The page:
Brazilian filmmaker Tizuka Yamasaki certainly looks Japanese, but sounds unquestionably Brazilian. The granddaughter of Japanese immigrants to Brazil recently gave a talk, sponsored by the IDB Cultural Center, on the interconnections between the two cultures. She illustrated her comments with clips from two of her films, “Gaijin—A Brazilian Odyssey” and “Gaijin 2,” named after the Japanese term for foreigner or outsider.
Growing up in Brazil, Yamasaki noticed that while there was plenty of talk about the contributions of immigrants from Europe and Africa, no one ever mentioned Japan, even though Brazil has the second largest colony of Japanese descendents outside of Japan, after Hawaii. So in 1980, she decided to tell the story of her then-101-year-old grandmother, who as a young woman left her homeland with the first wave of Japanese immigrants in 1908.
The first “Gaijin” follows the grandmother's journey from Japan to southern Brazil, where the immigrants were lured to coffee plantations. Promises of earning enough to return to Japan in just five years were soon broken, though, and the immigrants had to adapt to life in Brazil, while clinging to their Asian roots.
A few generations later, Japan faced such a shortage of labor that it was forced to open its doors to immigrants of Japanese ancestry. Japanese-Brazilians, or nikkei as they are known in Brazil, began to immigrate to Japan. But when they arrived in what they had been brought up to think of as their homeland, they were treated like foreigners—gaijin—and realized just how Brazilian they had become.
Some 400,000 Japanese-Brazilian dekasegui or “guest workers” now live in Japan, inspiring Yamasaki to make a second film. “Gaijin 2” shows the Brazilian view of the real life of these workers and their impact on Japan. She shot the movie in Londrina, a small town in southern Brazil founded by immigrants from 33 different countries in the 1930s, a veritable “Tower of Babel,” she said. Many Japanese immigrants settled there since the impending war prevented them from returning to Japan even if they could have afforded the move. For the film, Yamasaki built a set of the town as it looked in 1940s.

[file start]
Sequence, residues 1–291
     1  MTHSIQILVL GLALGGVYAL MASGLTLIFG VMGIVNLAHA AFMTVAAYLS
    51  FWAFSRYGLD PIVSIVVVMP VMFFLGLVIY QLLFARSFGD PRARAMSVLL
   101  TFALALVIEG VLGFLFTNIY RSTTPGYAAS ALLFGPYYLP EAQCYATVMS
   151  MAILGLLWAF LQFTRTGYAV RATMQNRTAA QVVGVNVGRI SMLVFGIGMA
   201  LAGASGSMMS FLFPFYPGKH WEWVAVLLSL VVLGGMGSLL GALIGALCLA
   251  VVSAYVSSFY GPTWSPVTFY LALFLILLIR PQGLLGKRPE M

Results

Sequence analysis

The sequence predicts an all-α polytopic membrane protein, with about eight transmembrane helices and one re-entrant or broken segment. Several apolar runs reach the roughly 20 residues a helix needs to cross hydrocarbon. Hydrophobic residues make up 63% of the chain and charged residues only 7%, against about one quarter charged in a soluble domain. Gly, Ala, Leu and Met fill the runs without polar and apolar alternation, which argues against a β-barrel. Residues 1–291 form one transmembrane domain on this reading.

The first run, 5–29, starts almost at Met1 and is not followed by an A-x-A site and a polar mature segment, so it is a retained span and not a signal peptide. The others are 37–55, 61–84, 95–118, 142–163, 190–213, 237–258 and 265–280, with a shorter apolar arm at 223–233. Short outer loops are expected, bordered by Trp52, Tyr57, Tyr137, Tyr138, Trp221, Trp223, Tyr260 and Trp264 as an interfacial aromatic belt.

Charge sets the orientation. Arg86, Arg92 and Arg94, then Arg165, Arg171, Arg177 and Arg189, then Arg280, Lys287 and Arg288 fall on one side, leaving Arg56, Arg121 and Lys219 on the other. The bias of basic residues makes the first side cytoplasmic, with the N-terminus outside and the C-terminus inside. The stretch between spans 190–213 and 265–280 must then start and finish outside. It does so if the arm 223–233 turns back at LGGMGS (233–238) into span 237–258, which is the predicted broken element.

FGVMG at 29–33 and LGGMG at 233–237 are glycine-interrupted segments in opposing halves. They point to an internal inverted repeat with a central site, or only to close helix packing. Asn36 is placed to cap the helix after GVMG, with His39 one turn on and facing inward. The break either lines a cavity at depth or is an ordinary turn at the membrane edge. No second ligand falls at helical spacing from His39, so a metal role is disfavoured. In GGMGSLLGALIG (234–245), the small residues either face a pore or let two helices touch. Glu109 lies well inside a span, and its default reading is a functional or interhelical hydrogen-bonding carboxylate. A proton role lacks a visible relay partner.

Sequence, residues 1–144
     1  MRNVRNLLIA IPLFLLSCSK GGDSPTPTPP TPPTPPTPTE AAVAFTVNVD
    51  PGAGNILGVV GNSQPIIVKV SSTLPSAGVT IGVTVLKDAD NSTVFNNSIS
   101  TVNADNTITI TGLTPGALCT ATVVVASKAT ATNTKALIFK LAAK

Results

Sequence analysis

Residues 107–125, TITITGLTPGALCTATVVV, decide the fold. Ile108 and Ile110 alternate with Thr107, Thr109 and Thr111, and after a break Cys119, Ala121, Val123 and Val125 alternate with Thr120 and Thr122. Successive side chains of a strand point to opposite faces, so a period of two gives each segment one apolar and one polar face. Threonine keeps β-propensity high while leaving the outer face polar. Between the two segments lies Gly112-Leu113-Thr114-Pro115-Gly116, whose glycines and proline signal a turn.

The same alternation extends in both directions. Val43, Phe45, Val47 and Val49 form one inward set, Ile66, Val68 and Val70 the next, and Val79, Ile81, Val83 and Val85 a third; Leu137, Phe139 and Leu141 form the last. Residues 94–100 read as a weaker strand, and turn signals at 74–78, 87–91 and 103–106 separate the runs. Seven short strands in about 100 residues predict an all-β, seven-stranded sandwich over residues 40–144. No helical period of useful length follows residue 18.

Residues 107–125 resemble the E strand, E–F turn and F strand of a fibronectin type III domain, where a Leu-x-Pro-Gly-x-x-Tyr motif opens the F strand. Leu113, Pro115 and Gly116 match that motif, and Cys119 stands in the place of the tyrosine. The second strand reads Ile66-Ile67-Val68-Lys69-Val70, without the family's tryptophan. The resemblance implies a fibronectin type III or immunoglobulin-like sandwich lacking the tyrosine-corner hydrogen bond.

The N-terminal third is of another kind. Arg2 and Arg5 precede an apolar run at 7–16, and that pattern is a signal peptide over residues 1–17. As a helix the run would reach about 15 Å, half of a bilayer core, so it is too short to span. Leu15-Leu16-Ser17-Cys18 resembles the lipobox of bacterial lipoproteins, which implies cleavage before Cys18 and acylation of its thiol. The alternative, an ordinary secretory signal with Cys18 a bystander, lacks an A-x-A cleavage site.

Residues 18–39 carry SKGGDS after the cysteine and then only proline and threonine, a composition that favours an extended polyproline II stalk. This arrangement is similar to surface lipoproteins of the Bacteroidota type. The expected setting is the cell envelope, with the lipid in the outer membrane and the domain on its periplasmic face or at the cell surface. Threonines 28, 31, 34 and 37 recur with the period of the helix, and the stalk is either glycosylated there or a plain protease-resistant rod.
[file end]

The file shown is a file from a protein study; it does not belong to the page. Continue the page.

The movie features an international cast, including Cuban actor Jorge Perrugoría from “Strawberry and Chocolate” and Japanese actress Yuki Kudoh from “Picture Bride.”
Yamasaki had trouble finding older Japanese actresses willing to shoot in Brazil to play the first generation of immigrations. She had to look in the US and Brazil, eventually casting a Brazilian flea market vendor fondly known by cast and crew as Dona Aya. Other Brazilian actors complete the cast.
Gaijin 2 was an ambitious project for a Brazilian film, covering 100 years of history at a cost of some $5 million. But it got support under a new law in Brazil, the Audiovisual Act ( Lei do Audiovisual ) that provides tax breaks for film underwriters.
Questioned about her nikkei identity, Yamasaki said that Japanese-Brazilians are considered quiet in Brazil but loud and disorganized in Japan. Once they go to Japan, they aren't treated like Japanese and realize that they're Brazilian in their behavior. For example, they would never consider suicide over a daughter's marriage to a non-Japanese, as does one of the Japan-born characters in “Gaijin.”
The movie also shows a contemporary young Brazilian of Japanese ancestry, who when asked what generation she is, replies that she's not nissei (“second generation” in Japanese) or sansei (third generation), but não sei (“I don't know” in Portuguese) or sometimes cansei (“I'm tired [of it]”). This multilingual wordplay got a hearty laugh from both the Brazilians and the Japanese in the audience.
As a child, Yamasaki said she was forced to learn Japanese, but didn't force it on her own children, who eventually came around to it on their own out of curiosity. Now there are many Japanese language schools in Brazil, said Yamasaki. The two cultures need not be mutually exclusive, she concluded, but complementary.